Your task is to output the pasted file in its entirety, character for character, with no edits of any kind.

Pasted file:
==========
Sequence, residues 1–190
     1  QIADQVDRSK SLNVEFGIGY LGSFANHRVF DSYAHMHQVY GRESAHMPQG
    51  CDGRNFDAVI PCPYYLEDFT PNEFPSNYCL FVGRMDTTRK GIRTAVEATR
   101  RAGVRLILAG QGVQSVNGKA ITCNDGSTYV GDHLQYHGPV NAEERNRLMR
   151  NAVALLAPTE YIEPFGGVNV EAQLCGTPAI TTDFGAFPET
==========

Sequence, residues 1–190
     1  QIADQVDRSK SLNVEFGIGY LGSFANHRVF DSYAHMHQVY GRESAHMPQG
    51  CDGRNFDAVI PCPYYLEDFT PNEFPSNYCL FVGRMDTTRK GIRTAVEATR
   101  RAGVRLILAG QGVQSVNGKA ITCNDGSTYV GDHLQYHGPV NAEERNRLMR
   151  NAVALLAPTE YIEPFGGVNV EAQLCGTPAI TTDFGAFPET